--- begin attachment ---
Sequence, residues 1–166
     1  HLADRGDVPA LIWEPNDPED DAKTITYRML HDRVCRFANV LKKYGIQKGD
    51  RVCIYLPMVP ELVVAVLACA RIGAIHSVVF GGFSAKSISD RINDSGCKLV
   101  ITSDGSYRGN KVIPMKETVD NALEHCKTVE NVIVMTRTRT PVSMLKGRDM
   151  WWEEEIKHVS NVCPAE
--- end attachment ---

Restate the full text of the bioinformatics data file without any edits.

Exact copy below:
Sequence, residues 1–166
     1  HLADRGDVPA LIWEPNDPED DAKTITYRML HDRVCRFANV LKKYGIQKGD
    51  RVCIYLPMVP ELVVAVLACA RIGAIHSVVF GGFSAKSISD RINDSGCKLV
   101  ITSDGSYRGN KVIPMKETVD NALEHCKTVE NVIVMTRTRT PVSMLKGRDM
   151  WWEEEIKHVS NVCPAE